David Stevens on his latest work…
“Australia has very few myths and fables and not many fairy stories. I suppose this is because it is difficult to think of magic and spells and good fairies with wands given Australia has such a recent history. But I’ve always wanted to write one.
“I was taking an adult French education class and, as an exercise, I had written a couple of the shorter Maori legends in French. Driving home one night, I wondered what my next essay would be and I started to think of the legend of The Beauty and the Beast –but without the transformation.
“It’s always seemed odd to me that Belle falls in love with the beast but he is then transformed into the world’s most handsome man. I suppose my attitude would be ‘Who’s this drongo, where’s my beast?’
“So I started to write it as a French essay but without the transformation – the beast is and always will be that. It was well-received by my class and, driving home, I wondered how the legend could be changed to Australia.
“It wasn’t a big jump from there to bushfire. Not the great Australian legend but the great Australian nightmare.
“What happens to a good Aussie bloke whose face has been destroyed by fire? There can never be any magic spells for him.”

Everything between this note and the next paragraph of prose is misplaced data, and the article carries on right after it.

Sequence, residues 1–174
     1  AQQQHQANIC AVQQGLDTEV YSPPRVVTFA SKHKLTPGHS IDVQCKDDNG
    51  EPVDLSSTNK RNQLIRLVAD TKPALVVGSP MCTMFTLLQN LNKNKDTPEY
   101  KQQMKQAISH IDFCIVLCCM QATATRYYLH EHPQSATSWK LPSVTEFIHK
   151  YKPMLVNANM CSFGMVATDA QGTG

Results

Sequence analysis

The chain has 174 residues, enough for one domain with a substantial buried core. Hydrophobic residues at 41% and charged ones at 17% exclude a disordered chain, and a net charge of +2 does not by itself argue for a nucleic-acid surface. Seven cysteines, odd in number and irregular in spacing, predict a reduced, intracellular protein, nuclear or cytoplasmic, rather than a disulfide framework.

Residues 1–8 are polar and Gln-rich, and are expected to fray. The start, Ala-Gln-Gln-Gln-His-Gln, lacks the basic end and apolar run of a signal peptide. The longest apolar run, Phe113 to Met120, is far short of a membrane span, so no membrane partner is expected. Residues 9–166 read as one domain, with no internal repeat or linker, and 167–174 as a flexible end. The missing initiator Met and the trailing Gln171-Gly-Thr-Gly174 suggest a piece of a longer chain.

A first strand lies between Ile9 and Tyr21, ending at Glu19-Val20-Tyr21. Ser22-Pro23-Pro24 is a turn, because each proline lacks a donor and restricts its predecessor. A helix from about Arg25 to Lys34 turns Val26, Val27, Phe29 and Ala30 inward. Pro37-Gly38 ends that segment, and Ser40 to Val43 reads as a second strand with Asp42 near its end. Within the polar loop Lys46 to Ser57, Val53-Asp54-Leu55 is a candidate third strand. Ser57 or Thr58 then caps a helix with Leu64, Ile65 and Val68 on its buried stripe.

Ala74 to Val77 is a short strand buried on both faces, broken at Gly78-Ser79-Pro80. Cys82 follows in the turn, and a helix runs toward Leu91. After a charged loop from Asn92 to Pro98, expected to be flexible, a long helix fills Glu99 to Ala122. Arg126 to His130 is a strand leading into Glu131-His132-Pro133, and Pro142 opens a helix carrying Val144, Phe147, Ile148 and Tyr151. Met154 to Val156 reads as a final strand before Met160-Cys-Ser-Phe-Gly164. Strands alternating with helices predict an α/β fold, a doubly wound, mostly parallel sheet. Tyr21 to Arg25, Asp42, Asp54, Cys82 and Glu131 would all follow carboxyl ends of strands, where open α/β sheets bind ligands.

On why he set it in Australia:
“I didn’t want to do it as a modern story because it would be a bit different now. In the old days, people who lived in the bush, the outback, and only had each other to depend on. There wasn’t a flying doctor then.
“This tied in with my own sense of community – I live in woop-woop, in a small village, and we often have foul, destructive weather. When that happens, the whole village pitches in to help each other.
“So I thought about old Australia, the place in all our dreaming, and what would have happened to a burns victim then. I started to see him as a burns survivor, saved by the villagers who now feel responsible for him.
“I tried to imagine what it would be like if a baby had been caught in a bushfire and is found burned – but alive. What would the rescuers do with him? Would they let him live, horribly disfigured, or would they save him and look after him?
“What would happen to that disfigured man when he grew up? How would he find love?
“And because Australia is upside down, it became The Beast and the Beauty.”
For bookings and details on The Beast and The Beauty, click HERE.